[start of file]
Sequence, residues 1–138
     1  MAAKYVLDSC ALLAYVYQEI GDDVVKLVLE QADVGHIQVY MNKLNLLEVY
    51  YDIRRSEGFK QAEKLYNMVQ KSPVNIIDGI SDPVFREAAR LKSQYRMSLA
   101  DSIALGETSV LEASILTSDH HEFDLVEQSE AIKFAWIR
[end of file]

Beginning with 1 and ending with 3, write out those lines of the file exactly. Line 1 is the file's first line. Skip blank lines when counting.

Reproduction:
Sequence, residues 1–138
     1  MAAKYVLDSC ALLAYVYQEI GDDVVKLVLE QADVGHIQVY MNKLNLLEVY
    51  YDIRRSEGFK QAEKLYNMVQ KSPVNIIDGI SDPVFREAAR LKSQYRMSLA